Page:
The death penalty in the hands of politicians: Few things seem as twisted and as troubling as the matter of state-sponsored executions authorized by men and women with large nameplates pinned to their lapels. While in the ideal they might be devoted to public service and to representative democracy, what most of them seek, first and foremost, is name recognition and re-election. And in a nation as violent as ours, re-election has required being tough on crime, and being tough on crime has required support of capital punishment.
That has been the instruction in American politics for a generation; even alleged liberals Bill Clinton and Hillary Clinton supported the death penalty. When he was running for president in 1992, Mr. Clinton stepped away from his campaign long enough to return to Arkansas to oversee the execution of a brain-damaged killer named Ricky Ray Rector. Grandstanders - Democrat and Republican, senators and state's attorneys - have used the death penalty to earn tough-on-crime bona fides. The death penalty has served the political class at great expense to the greater society; it has sapped resources that could have been better spent for public safety.
People are hip to this now, and the grandstanders are becoming more apparent and isolated. In Maryland, a Gonzales poll in January found that public support of the death penalty had fallen by nearly 10 percentage points in eight years, and 65 percent of us now believe life in prison without parole is an acceptable alternative.
National surveys reveal that growing numbers of Americans see the problems of an entire system: a failed war on drugs, the highest per capita rate of incarceration in the world, prisons with revolving doors, and, at last count by the Death Penalty Information Center in Washington, 130 innocent men placed on death row in 26 states over the last 36 years.
This broken system has been kept in place by entrenched politicians, such as those who run the Maryland General Assembly.
Now Gov. Martin O'Malley, who has been in office but two years, comes to the state Senate to demand repeal of the death penalty, armed with a report that should settle the issue. The report, from the commission headed by former U.S. Attorney General Benjamin R. Civiletti, is based on what appears to be an objective assessment of capital punishment here over the last 30 years. It bristles with information, analysis, logic and integrity - imagine that! - and it makes the following conclusions:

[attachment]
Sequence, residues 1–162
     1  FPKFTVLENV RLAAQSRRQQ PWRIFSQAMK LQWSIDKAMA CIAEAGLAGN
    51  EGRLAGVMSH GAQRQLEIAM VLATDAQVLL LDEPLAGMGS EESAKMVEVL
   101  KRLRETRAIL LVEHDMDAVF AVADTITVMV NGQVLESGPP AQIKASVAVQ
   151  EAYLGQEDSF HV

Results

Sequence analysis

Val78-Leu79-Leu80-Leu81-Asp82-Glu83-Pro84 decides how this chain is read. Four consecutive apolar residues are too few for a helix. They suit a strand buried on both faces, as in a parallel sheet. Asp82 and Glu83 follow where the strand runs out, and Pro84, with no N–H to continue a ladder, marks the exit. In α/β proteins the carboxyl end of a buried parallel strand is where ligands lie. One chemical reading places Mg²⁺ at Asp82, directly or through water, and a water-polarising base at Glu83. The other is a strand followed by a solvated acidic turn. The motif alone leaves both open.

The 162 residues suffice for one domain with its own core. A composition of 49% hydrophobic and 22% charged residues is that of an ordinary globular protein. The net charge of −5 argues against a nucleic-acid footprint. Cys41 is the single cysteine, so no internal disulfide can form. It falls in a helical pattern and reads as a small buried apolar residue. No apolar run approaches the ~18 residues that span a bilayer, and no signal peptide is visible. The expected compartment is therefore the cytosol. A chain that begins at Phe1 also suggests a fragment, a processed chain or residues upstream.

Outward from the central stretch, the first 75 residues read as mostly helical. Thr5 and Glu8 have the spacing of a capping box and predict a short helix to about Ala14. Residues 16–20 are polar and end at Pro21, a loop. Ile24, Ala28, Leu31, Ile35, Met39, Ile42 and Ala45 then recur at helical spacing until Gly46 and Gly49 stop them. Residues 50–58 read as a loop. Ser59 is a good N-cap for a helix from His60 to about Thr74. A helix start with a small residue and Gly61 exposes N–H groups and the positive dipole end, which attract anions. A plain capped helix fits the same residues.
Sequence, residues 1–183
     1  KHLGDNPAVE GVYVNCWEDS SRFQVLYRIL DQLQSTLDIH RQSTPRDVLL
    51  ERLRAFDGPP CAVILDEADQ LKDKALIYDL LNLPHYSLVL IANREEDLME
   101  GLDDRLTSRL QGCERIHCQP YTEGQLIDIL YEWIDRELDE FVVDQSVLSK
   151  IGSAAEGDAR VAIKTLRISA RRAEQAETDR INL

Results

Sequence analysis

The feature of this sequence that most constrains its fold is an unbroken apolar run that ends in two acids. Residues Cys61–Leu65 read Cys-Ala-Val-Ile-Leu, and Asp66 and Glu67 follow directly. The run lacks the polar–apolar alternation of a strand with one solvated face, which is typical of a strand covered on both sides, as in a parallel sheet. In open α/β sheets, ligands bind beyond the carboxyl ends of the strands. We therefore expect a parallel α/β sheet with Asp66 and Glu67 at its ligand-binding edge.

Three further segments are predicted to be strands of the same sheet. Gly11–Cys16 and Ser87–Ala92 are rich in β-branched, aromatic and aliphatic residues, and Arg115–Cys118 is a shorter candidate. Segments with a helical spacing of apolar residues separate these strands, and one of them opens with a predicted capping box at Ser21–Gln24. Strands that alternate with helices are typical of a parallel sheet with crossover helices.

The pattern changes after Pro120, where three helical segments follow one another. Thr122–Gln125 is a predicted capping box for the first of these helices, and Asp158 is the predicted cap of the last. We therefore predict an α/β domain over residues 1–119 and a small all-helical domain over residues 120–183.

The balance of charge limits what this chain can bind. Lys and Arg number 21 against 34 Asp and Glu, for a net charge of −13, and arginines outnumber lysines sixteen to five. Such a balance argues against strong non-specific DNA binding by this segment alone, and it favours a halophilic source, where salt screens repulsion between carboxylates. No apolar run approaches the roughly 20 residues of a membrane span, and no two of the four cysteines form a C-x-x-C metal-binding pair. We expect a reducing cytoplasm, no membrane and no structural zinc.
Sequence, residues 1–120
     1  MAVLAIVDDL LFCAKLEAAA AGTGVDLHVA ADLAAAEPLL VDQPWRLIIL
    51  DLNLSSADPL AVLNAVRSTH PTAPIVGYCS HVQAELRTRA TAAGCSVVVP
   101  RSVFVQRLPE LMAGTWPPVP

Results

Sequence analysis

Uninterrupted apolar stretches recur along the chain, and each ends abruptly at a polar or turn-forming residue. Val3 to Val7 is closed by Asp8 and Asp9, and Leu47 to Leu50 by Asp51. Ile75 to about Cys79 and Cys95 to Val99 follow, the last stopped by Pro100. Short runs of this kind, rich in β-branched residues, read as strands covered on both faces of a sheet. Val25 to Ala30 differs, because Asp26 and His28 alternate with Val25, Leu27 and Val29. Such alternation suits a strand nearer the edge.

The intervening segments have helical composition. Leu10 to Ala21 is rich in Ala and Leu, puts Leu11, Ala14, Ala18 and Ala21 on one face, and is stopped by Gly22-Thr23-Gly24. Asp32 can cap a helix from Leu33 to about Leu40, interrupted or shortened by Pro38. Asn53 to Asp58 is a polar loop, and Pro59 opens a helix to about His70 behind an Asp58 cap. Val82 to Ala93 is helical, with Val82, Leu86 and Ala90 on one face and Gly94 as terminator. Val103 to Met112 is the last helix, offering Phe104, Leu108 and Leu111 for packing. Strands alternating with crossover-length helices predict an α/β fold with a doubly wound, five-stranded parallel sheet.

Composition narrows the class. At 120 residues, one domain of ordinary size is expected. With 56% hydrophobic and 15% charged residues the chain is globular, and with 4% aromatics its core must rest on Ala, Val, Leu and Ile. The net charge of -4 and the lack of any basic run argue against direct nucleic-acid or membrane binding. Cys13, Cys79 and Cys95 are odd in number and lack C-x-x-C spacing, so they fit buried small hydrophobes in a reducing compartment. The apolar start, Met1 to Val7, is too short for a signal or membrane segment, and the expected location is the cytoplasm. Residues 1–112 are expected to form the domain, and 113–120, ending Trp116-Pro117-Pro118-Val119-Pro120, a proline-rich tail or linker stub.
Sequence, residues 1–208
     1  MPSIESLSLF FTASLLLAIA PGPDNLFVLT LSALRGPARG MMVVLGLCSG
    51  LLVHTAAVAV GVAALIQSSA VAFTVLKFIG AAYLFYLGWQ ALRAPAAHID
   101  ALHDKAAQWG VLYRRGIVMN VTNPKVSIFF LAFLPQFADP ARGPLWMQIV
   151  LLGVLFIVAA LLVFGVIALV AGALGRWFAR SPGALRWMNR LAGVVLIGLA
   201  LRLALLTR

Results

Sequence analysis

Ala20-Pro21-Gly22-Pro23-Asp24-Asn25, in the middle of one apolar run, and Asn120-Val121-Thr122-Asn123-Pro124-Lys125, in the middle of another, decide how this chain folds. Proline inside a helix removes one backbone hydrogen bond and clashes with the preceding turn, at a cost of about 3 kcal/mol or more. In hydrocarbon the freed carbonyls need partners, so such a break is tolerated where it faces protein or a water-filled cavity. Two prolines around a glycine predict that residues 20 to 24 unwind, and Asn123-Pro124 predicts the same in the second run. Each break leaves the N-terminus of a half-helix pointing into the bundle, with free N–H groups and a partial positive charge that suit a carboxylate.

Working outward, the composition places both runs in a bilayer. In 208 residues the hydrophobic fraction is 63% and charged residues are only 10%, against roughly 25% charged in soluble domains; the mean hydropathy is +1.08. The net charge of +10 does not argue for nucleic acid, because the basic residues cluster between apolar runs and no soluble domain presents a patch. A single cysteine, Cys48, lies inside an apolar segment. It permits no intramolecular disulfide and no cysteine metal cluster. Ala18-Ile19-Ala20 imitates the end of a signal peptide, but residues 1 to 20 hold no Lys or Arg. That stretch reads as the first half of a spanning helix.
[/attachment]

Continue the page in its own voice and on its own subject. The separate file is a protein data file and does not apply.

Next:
* Disparities exist when the race of the defendant and the race of the victim are taken into account; killers of white victims are 2 1/2 times more likely to face the death penalty than killers of African-Americans.
* With so much prosecutorial discretion, county by county, capital cases are vulnerable to jurisdictional disparities beyond reform: "The fact that similar capital offenses perpetrated by similar offenders are treated so differently depending on where the crimes are committed renders the administration of capital punishment irretrievably inconsistent, nonuniform and therefore unfair in Maryland."
* The death penalty has been a waste of money. Sixty-two of 77 death sentences have been reversed. Add to the costs of those cases and their post-conviction appeals the cost of keeping inmates on death row, estimated at $68,000 annually. "There are other areas in the Maryland criminal justice system where such resources could be applied and significant results could be expected."
State senators who remain supporters of the death penalty, starting with their way-too-long-time president, Thomas V. Mike "If it's lethal injection, I'll insert the needle" Miller, need to be asked if they've read this report - and, if so, how, in good conscience, they can maintain the status quo in the face of it. Certainly, at this point, there is only the pathetic political consideration, the idea that, by voting for repeal, they would become vulnerable in re-election.
Those who cling to the death penalty in Maryland need to be held accountable. Clinging to the death penalty means clinging to a biased and unfair system that saps the state and local budgets of money that could be better spent to protect the public, and it means assigning to all of us the still-real risk of someday executing the wrong man.
Dan Rodricks' column appears Sundays on this page and Tuesdays in the news pages. He is host of the midday talk show on WYPR-FM.